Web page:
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Face to Face with Mumia: "Don't let them depoliticize my Case"
By Monica Moorehead
Our visit with this remarkable revolutionary and journalist lasted for more than five hours, so every opportunity was taken to converse with Mumia on a whole array of political issues, including the heroic Palestinian resistance in the face of monstrous Israeli/U.S. aggression. Mumia conveyed how much he especially admired the self-sacrificing role that Palestinian women are playing in the current phase of the intifada, which began in September 2000.
Other issues discussed with Mumia included his reaction to the outrageous first-degree murder conviction of political prisoner Jamil Abdullah Al-Amin, formerly H. Rap Brown. Al-Amin was recently sentenced to life in prison for the killing of a police officer.
Mumia was asked what aspect of his legal case the movement should be most aware of. Without hesitation, he answered that the courts are trying to "depoliticize" his case. Mumia went on to explain, "Well, it's the first time a court has issued a decision on my case and not mentioned a word of my relationship with the Black Panther Party. If this is not depoliticization--what is?"
He was referring to the decision issued this past Dec. 18 by Federal District Court Judge William Yohn, who overturned Mumia's 1982 death sentence but not the first-degree murder conviction. Yohn based his ruling on one out of 29 constitutional rights violations outlined in a federal appeal brief filed by Mumia's former attorneys on Oct. 4, 1999.
This brief had requested that Mumia be granted an evidentiary hearing as a vehicle to allow all suppressed evidence to finally be heard. This evidence, it argued, would prove that he did not kill white Philadelphia police officer Daniel Faulkner on Dec. 9, 1981.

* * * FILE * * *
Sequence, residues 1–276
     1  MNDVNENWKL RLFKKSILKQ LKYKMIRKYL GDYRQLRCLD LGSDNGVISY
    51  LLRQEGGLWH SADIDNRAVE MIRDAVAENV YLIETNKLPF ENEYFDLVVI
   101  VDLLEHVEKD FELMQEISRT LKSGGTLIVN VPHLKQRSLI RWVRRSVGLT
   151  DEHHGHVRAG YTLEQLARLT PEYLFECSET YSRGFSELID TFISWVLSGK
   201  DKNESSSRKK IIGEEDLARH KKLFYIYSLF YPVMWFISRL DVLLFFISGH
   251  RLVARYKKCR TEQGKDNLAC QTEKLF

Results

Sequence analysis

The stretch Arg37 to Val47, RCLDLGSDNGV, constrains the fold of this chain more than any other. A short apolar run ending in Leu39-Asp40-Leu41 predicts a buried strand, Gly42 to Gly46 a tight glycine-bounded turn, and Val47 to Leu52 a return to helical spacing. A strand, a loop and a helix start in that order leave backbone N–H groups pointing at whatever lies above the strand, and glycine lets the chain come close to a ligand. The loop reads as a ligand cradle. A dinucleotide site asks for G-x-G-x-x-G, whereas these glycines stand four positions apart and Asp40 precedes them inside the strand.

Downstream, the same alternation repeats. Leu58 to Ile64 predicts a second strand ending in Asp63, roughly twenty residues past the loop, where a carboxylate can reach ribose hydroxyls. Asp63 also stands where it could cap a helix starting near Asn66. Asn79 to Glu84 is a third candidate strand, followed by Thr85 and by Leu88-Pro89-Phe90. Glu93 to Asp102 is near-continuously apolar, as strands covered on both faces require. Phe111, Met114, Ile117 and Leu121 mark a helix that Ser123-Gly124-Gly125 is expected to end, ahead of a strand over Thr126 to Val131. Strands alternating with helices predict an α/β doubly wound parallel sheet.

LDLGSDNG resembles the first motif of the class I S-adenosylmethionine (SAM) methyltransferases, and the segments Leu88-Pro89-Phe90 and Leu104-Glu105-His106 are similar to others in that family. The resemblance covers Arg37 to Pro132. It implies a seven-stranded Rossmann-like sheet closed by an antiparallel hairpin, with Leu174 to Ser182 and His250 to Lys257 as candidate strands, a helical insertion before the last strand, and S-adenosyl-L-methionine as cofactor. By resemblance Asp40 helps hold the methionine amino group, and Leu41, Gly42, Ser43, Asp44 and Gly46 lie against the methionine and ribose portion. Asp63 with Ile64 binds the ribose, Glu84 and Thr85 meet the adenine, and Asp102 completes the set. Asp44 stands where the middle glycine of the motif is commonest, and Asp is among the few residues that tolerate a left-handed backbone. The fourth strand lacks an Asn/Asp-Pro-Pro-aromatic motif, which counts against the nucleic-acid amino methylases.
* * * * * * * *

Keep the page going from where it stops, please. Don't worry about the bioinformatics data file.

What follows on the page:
Yohn's ruling stated that the original jury had not been properly instructed by the judge regarding its sentencing "options": that it could sentence Mumia to either a life sentence or to be executed. The ruling implied that none of the other constitutional violations raised in the appeals had any merit. For example, during the original trial Mumia had been denied the right to the legal counsel of his choice. Also, the district attorney's office had put Mumia's political beliefs on trial while not presenting any real evidence to prove his guilt.
HIS TRIAL WAS POLITICAL, BUT NOW COURT DENIES IT
It is common knowledge that after Mumia joined the BPP as a teenager in Philadelphia, the Federal Bureau of Investigation began to keep a detailed file on his political activities. When this file was recovered by the defense, the word "dead" had been written across it.
If the court allowed the district attorney to try Mumia because of his revolutionary beliefs, why was this overlooked in the Yohn decision, along with the other obvious constitutional violations? Yohn's decision was a political one, but couched in legal terms.
Mumia also mentioned that the Yohn decision is an attempt to "deracialize" his case and obscure the prejudicial reaction by the courts towards his political beliefs. The systematic exclusion of Black people from jury selection in criminal cases is grounds for overturning a conviction.
Mumia raised the examples of three relevant Pennsylvania cases, Hardcastle vs. Horn, Commonwealth vs. Basemore and Commonwealth vs. Sneed. In these three cases, it was found that the district attorney used racial profiling to improperly exclude Black people from the jury pool.